# Doolittle: Life as a player for the Oakland ‘Mathletics’

From Oakland A’s pitcher Sean Doolittle at ESPN.com on August 12, 2014:

Baseball is a game of numbers, and we at the Oakland Athletics keep track of everything. From the number of hits in a given number of at-bats to the number of runs allowed to the number of stolen bases, there are numbers for evaluating every aspect of the game.

As far back as 1964, when Earnshaw Cook published the book “Percentage Baseball,” baseball statisticians have been providing us ways to get as deep into those numbers as possible to determine just how valuable a player might be. In 1971, the Society for American Baseball Research (SABR) was formed in Cooperstown, New York, and lent both its acronym and advanced mathematical functions to analyze the game. Bill James, the pioneer of sabermetrics, defined them as a way to provide an objective view of baseball.

Sabermetrics finally let us enjoy baseball the way it was meant to be enjoyed: with a TI-89 graphing calculator.

Many of you are familiar with the movie “Moneyball,” which chronicles the Athletics’ use of sabermetrics to successfully assemble a winning team on a decidedly small-market budget. By thinking outside the box and favoring players’ on-base percentages over their batting averages, those A’s were able to build a productive lineup of affordable players en route to a 20-game win streak and a division title.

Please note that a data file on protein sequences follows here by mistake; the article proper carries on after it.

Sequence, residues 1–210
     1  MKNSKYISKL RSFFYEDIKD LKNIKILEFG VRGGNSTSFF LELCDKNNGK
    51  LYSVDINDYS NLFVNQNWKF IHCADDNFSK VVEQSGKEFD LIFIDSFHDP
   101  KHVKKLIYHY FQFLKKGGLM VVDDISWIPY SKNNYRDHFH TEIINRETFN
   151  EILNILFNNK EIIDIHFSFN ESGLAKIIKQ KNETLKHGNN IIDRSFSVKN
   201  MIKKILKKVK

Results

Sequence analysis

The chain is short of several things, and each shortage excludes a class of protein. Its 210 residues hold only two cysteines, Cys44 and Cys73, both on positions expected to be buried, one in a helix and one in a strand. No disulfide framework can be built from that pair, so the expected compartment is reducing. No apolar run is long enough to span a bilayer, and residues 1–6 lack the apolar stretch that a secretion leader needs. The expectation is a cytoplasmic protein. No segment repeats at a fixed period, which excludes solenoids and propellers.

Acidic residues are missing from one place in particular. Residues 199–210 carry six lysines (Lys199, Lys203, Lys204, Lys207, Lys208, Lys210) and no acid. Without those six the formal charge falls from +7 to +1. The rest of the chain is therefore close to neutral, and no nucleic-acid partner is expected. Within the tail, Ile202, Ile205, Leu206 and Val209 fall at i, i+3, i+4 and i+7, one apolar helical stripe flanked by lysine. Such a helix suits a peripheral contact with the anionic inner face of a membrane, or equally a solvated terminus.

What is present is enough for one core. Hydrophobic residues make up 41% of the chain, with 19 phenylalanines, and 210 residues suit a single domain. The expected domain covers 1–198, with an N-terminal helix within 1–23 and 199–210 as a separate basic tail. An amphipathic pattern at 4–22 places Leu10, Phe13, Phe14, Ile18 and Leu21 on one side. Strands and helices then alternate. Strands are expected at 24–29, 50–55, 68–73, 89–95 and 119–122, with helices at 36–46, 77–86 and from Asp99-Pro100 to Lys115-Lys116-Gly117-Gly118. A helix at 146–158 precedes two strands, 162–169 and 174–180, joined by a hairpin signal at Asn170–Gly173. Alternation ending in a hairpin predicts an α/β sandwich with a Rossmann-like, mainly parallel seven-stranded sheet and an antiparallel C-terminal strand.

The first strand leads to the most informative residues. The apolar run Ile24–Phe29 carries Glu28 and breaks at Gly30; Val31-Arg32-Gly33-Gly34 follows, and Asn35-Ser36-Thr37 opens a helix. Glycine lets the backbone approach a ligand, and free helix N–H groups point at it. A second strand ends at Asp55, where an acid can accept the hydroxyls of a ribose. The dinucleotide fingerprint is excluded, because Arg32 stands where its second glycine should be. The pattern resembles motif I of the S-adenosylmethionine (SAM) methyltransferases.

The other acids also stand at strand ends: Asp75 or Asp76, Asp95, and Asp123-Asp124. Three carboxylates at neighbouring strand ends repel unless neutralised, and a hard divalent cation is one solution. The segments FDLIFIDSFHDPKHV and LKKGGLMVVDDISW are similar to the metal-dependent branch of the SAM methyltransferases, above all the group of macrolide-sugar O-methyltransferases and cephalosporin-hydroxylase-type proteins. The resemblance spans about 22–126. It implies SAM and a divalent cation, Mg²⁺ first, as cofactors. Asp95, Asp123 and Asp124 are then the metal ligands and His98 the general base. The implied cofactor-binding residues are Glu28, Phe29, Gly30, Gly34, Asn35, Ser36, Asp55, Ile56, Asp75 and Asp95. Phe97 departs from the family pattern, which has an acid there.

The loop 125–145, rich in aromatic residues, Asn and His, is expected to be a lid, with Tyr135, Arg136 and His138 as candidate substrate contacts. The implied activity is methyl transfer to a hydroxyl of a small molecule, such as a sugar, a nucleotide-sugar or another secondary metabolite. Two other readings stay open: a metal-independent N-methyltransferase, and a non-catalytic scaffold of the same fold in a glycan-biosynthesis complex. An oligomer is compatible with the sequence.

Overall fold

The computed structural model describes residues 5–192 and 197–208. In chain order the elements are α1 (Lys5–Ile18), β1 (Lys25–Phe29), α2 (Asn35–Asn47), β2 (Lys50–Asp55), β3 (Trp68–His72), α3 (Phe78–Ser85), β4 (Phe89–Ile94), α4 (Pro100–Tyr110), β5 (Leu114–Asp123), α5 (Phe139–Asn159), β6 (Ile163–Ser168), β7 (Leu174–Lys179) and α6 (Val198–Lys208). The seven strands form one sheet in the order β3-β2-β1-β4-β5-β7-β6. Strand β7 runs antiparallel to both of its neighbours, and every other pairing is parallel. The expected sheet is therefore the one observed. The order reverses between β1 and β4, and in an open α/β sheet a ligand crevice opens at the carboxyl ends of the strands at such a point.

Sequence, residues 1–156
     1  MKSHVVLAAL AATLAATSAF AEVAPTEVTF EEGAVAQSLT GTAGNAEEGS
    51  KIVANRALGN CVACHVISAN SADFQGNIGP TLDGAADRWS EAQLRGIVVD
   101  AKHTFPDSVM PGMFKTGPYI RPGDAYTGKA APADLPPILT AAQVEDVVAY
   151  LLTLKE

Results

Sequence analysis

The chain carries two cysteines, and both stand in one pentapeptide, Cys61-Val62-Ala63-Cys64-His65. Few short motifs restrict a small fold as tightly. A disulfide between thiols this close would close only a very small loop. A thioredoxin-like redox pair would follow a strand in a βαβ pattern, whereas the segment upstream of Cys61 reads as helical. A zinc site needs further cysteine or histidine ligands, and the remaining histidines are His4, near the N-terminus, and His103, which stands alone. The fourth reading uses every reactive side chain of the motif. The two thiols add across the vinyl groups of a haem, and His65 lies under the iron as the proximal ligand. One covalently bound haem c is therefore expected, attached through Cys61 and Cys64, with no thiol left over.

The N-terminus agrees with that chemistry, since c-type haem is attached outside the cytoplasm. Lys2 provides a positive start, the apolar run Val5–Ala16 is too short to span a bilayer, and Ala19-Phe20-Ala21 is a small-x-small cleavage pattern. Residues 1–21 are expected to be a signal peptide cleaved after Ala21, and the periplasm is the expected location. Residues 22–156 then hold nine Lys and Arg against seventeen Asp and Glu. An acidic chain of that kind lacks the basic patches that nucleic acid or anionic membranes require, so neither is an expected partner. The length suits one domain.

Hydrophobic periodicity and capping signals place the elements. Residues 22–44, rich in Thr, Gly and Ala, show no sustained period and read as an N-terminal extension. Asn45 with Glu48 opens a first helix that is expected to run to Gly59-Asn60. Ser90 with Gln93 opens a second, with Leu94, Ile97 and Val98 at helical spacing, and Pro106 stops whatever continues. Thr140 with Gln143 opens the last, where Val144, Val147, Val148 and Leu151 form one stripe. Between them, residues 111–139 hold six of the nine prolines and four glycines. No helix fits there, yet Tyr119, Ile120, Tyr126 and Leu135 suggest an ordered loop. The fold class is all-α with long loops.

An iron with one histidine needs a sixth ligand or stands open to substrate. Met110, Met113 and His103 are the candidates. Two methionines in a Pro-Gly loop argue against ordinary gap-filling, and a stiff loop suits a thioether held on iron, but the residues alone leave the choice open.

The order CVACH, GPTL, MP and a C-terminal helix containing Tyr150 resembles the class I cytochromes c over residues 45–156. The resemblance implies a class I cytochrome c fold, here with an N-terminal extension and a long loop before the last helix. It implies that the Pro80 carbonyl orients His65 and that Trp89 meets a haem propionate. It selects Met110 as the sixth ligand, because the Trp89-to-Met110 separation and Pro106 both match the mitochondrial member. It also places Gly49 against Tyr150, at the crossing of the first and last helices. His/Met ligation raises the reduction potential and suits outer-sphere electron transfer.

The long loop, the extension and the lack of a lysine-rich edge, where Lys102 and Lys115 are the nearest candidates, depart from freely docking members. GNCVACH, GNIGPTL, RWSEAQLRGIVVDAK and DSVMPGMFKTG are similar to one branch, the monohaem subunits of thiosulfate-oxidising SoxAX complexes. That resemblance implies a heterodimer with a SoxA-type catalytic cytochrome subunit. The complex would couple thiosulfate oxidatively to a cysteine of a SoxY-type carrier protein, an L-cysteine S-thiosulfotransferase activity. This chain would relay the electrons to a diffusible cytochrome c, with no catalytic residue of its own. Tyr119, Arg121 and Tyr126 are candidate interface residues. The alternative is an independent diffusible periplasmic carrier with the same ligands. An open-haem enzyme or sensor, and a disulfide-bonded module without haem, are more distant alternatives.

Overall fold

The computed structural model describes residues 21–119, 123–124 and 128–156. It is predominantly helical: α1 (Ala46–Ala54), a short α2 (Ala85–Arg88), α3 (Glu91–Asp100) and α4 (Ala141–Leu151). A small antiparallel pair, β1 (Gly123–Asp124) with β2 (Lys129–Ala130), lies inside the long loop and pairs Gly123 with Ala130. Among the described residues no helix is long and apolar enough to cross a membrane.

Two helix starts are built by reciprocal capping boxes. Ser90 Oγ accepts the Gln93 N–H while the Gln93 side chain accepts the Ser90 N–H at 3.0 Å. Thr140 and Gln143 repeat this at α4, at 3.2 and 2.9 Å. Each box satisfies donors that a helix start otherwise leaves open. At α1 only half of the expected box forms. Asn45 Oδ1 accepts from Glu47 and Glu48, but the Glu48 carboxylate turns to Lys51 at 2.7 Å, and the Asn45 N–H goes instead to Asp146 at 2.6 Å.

Since then, the use of sabermetrics has continued to change the way players are evaluated. Metrics such as OPS (on-base percentage plus slugging) and wOBA (weighted on-base average) provide a much more comprehensive and accurate evaluation of a hitter’s overall productivity than, say, batting average. Meanwhile, the wRC (weighted runs created) and wRAA (weighted runs above average) categories help quantify a player’s total offensive value to his team in the form of runs created over the course of a season.